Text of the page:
The Icons of England initiative looks like yet another attempt to define the undefinable, reducing culture to a set of simplistic cliches. The nominated symbols are a bizarre set, not least because many of them trivially do not qualify. The man who gave his name to the King James Bible was Jame VI of Scotland before he took on the English throne, so it is hard to see how his initiative is quintessentially English. The Spitfire won us the Battle of Britain, and seems to me a British rather than English icon. Likewise with the mini. The FA Cup takes in Welsh teams, and Stonehenge is made from Welsh stone. The Routemaster Bus has (a) just been abolished and (b) surely an icon of London, not England.
I think we have difficulty in defining Englishness precisely because it has for so long acted as a dominant culture. The English are the dominant group in the wider nation of Britain. The history of the country has percieved no cultural antagonist to guard against, and therefore there has been no need to exclude its smaller partners from sharing in the creation of ‘Britain’. Thus anything that we might hold up as an achievement for the English will invariably have hadsome Scottish, Welsh, Irish or Colonial input along the way (e.g. King James Bible, Spitfires) that makes ‘British’ an obviously more accurate description. Perversely, England’s history as the dominant part of Britain means that it cannot claim any icon or innovation as exclusively its own. If we search for icons local to a particular area, we find it difficult to prise ownership of the icons away from the locality (e.g. Routemaster Buses, Angel of the North).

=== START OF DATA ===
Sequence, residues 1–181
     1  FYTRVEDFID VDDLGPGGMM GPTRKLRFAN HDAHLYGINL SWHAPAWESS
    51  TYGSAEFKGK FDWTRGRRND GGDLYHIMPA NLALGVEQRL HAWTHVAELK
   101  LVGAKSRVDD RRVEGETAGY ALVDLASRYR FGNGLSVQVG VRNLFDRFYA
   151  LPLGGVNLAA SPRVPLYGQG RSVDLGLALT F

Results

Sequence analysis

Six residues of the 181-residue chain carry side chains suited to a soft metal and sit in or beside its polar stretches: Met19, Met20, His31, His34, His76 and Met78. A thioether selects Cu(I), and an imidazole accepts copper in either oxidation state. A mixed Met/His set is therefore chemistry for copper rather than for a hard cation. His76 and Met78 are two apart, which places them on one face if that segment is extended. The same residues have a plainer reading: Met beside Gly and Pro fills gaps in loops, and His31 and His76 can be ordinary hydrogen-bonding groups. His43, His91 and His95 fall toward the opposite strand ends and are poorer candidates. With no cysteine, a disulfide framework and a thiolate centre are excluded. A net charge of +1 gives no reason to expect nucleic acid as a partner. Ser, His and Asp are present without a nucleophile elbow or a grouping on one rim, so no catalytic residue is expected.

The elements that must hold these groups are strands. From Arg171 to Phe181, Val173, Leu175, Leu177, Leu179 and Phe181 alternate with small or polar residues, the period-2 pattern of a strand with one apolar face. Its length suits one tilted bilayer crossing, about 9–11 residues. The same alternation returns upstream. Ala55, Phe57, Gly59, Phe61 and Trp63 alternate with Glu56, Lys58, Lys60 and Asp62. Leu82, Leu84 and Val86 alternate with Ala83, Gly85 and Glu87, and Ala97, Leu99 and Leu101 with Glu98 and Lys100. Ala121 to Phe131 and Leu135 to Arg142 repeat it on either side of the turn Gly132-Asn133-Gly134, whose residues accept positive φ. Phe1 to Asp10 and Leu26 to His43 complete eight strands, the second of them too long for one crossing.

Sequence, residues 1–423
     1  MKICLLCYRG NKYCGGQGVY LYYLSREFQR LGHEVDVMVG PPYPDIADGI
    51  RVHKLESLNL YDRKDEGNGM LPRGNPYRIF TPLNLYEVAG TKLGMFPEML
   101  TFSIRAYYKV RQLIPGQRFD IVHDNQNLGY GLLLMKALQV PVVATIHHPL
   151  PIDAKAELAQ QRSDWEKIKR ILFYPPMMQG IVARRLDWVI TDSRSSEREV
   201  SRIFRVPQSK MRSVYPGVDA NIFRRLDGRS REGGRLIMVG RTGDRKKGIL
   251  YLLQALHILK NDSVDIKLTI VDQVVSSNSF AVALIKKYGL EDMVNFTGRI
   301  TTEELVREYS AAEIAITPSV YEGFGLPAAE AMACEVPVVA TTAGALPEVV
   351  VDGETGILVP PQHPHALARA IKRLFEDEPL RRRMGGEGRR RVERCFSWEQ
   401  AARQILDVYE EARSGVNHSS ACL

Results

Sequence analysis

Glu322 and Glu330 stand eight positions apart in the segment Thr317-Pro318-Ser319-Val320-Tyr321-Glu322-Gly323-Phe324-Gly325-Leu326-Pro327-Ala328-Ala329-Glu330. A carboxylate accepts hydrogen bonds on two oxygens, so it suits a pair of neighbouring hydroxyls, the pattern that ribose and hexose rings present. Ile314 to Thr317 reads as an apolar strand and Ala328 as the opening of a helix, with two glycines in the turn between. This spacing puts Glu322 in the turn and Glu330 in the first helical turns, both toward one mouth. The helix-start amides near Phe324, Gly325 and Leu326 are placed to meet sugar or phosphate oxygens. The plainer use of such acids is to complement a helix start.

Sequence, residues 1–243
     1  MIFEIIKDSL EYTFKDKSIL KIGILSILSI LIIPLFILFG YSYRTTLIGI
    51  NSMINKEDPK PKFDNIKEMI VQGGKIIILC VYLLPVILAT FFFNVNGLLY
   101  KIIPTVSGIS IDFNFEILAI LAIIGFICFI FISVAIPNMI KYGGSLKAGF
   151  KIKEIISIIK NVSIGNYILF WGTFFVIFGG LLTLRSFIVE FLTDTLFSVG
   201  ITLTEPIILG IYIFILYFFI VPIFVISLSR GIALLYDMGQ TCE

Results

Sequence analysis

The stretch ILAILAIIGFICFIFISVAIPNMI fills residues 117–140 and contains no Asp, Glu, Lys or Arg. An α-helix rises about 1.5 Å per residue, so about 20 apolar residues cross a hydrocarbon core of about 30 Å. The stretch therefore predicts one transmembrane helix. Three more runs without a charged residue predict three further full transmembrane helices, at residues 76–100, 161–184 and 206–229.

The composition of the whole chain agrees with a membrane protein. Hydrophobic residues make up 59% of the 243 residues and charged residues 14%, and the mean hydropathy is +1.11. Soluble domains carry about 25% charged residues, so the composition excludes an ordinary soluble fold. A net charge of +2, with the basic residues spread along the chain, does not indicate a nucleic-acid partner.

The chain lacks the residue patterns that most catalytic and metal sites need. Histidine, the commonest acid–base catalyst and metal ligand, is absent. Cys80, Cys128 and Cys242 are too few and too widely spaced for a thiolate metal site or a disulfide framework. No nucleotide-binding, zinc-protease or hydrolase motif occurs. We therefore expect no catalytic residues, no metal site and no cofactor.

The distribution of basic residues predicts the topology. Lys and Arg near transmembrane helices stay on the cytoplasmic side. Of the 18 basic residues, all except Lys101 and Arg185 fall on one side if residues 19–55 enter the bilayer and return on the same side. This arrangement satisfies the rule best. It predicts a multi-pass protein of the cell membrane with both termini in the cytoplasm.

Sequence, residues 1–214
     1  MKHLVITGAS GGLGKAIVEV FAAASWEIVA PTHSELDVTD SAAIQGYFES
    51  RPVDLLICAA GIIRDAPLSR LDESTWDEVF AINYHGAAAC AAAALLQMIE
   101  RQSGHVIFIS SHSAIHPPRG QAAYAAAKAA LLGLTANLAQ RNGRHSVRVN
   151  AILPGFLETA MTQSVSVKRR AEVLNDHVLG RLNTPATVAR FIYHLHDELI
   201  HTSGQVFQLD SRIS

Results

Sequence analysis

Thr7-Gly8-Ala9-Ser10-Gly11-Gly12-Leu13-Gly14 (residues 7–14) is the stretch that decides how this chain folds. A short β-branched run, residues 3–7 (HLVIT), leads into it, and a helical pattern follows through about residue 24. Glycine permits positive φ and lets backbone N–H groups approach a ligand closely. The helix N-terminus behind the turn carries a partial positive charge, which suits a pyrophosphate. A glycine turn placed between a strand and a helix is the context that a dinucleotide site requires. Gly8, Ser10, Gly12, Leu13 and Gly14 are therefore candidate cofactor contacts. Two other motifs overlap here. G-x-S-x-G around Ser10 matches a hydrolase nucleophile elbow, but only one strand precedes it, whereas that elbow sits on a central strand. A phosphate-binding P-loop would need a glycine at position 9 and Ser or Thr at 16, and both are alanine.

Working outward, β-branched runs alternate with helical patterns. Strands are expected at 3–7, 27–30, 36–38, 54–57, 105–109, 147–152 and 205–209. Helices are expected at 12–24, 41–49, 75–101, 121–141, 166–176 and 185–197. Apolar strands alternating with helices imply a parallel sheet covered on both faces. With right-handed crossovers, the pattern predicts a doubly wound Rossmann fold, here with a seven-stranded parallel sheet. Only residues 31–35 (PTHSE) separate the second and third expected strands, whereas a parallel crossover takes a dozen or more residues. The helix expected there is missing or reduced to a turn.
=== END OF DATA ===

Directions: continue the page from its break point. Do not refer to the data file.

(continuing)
Almost by definition, anything that is specific enough to be English and not British, but general enough to apply to the whole country and not a locality, is going to be an odd beast: The hymn ‘Jerusalem’ might fit the criteria we are looking for, although the flag waving patriotism associated with it alienates as many people as it inspires. It also suggests that we should make our green pleasant land more like an ancient city in the Middle-East, which should, I think, rule it out.
In the delightful Notes From A Small Island, Bill Bryson gives this observation:
To this day, I remain impressed by the ability of Britons of all ages and social backgrounds to get genuinely excited by the prospect of a hot beverage.
Here in Edinburgh, I do not perceive any less enthusiam for a drink which is an infusion of leaves from a plant grown in India, Sri Lanka, China, Japan, Kenya… in fact, anywhere but England. Even the trusty old cuppa is more a British than English icon.
The post meridiem counterpart to the cup-of-tea is, of course, the pint-of-beer in a traditional pub. And once again, we find these icons too pervasive throughout the union to be simply ‘English’. In Notes From A Small Island Bryson also points out the physical proximity of France to our shores, something that the British tend to ignore. But visiting a pub in Inverness presents much the same experience as walking into a pub in Dartmouth, both very different to visiting a bar in Cerbourg. Again, ‘The Pub’ is British, not English.
The same logic holds true for fish n’ chip shops. We need not discuss curry.
Once more, the flaw is in the very design of the quest. ‘English’ is not in the same genus as ‘Scottish’ or ‘Welsh’. By seeking actual things made and found in England we are looking in the wrong place for an English icon. We forget that since England has been a political force for centuries, the English language has persisted and grown in influence. It is the language, not the borders, that we should celebrate. In this sense, our net for English icons may be cast much wider. My nominations: The Gettysburg Address, Waltzing Matilda, The Simpsons… and The Indian Parliament.